Louisiana Bill, HB 434, To Tax Potential Recreational Cannabis Fails In Congress

The Louisiana House voted against HB 434, further derailing the potential of legalizing recreational cannabis in the state.
Louisiana Bill To Tax Potential Recreational Cannabis, HB 434, Fails In Congress

Louisianans will likely have to wait at least another year before the state legalizes marijuana, after HB 434 was rejected on Tuesday in the legislature.

Per local television station and news source WDSU, the proposed legislation “would have taxed recreational marijuana if the state ever legalized it,” but the bill was voted down in the state House by a margin of 48-47. WDSU said that the outcome “likely dooms the prospect of legalized marijuana in the state this year,” and “also likely dooms the approval of legalized weed next year, since tax bills cannot be brought up in 2022, as it is not a fiscal session then.”

Under the proposed legislation, HB 434, according to WDSU, the state “would have taxed the sale of marijuana at 50 percent, with half of that going to the state’s general fund and the other half to local governments,” with another 20 percent of the local revenue going to law enforcement. 

Supporters of HB 434 asserted that legalizing recreational marijuana could be a massive windfall for the state, with some projecting as much as $100 million generated in tax revenue annually. 

There is also reason to believe that Louisiana voters are eager to embrace legalization. A poll released earlier this year found that 67 percent of voters in the state support legalizing pot—a 13 point uptick from the previous year. 

Beyond HB 434

Louisiana officially greenlit a medical marijuana program back in 2015, but it didn’t get off the ground until 2019. Last year, Louisiana Gov. John Bel Edwards signed a bill that significantly expanded the state’s medical cannabis program. 

Under the expansion, any patient suffering from a debilitating condition examined by a doctor could be eligible for treatment with medical cannabis. Previously, eligibility was limited to a strict set of debilitating conditions, including Parkinson’s disease, cancer, PTSD, glaucoma, epilepsy, and other seizure disorders.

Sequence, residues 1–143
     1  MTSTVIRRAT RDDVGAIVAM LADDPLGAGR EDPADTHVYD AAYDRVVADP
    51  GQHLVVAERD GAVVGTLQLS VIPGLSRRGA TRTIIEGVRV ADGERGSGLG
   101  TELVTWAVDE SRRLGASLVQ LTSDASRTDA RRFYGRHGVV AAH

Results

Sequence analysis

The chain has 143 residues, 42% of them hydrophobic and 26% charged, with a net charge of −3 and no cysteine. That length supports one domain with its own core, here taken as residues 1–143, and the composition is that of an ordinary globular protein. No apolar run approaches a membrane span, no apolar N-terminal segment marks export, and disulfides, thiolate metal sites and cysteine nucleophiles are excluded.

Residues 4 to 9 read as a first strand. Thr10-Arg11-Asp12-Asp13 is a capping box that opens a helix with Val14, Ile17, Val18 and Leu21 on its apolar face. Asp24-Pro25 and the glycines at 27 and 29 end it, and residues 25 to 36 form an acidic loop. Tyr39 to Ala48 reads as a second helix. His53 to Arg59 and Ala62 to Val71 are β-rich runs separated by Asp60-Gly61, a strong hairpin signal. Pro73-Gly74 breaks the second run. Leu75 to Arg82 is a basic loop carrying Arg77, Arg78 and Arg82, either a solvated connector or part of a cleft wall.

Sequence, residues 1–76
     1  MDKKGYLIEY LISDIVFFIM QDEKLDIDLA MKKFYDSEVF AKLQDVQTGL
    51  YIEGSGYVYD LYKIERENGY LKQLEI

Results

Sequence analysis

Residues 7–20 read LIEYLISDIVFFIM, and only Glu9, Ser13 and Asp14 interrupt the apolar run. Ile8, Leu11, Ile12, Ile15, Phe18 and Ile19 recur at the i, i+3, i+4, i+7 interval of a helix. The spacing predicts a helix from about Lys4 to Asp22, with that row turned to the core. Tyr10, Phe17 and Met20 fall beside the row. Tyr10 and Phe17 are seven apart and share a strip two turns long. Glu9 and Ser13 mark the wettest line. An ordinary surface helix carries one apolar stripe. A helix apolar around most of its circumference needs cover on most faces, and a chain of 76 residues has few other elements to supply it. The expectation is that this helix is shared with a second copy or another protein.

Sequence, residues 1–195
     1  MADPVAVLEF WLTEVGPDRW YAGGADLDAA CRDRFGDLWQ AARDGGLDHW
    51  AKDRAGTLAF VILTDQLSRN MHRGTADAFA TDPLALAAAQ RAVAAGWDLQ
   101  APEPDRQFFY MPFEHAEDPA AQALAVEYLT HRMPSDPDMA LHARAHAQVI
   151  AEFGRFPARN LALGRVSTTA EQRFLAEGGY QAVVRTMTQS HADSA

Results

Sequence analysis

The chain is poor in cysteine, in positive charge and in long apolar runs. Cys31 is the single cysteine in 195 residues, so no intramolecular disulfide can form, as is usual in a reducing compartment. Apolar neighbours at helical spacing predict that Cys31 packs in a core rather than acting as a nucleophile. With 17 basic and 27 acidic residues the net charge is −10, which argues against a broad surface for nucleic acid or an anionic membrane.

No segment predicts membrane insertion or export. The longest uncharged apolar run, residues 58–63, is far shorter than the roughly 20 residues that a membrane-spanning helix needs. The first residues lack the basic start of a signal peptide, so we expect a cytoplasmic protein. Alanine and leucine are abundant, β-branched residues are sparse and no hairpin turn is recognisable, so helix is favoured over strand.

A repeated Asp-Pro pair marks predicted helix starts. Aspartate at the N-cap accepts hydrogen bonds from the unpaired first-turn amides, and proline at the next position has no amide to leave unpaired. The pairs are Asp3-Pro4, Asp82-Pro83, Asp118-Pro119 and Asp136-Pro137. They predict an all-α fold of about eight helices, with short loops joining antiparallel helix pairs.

But advocates are quick to point out that the state’s medical cannabis program is still beset by a number of restrictions.

According to the Marijuana Policy Project, Louisiana “restricts the forms of cannabis allowed — prohibiting whole-plant (flower) and smoking,” and the state has only two state-licensed cultivators and only nine authorized medical marijuana dispensaries. 

In an interview this week, Edwards, a Democrat, said his views on legalization have changed over time, and that he believes ending prohibition in the state is a matter of “when,” not “if.”

“I have come to believe (legalization) is going to happen in Louisiana eventually,” Edwards said. “We need to study it and learn all lessons learned from other states that have legalized it.

He added: “”I’m not quite comfortable yet … I want to make sure we get it right.” That is a notable shift for Edwards, who has previously said flatly that he opposes legalizing marijuana.

Should Louisiana take that step, it would follow the lead of Virginia, which earlier this year became the first state in the south to end prohibition on recreational pot use.

Virginia Gov. Ralph Northam, a Democrat, hailed the new law as a step toward “building a more equitable and just Virginia and reforming our criminal justice system to make it more fair.”

“What this really means is that people will no longer be arrested or face penalties for simple possession that follow them and affect their lives,” Northam said after signing the legislation. “We know that marijuana laws in Virginia and throughout this country have been disproportionately enforced against communities of color and low-income Virginians.”

Earlier this month, Louisiana lawmakers approved a bill that decriminalizes marijuana in the state. Under the new law, possession of up to 14 grams of weed would be subject to fine of up to $100 on the first and second offense, while minor possession offenses would be characterized as only misdemeanors and would not lead to any time behind bars.

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